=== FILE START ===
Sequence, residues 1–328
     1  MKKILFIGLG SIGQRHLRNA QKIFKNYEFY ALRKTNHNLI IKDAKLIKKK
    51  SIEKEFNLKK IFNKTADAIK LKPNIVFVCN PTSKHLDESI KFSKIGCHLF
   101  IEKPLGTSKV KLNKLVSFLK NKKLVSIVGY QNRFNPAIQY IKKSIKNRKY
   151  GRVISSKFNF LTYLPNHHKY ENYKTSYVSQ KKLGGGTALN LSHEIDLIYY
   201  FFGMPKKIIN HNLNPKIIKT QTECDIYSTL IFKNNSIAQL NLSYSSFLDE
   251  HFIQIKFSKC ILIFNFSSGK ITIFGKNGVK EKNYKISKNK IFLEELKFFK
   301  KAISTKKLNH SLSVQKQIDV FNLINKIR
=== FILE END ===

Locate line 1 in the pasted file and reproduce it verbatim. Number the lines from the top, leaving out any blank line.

Sequence, residues 1–328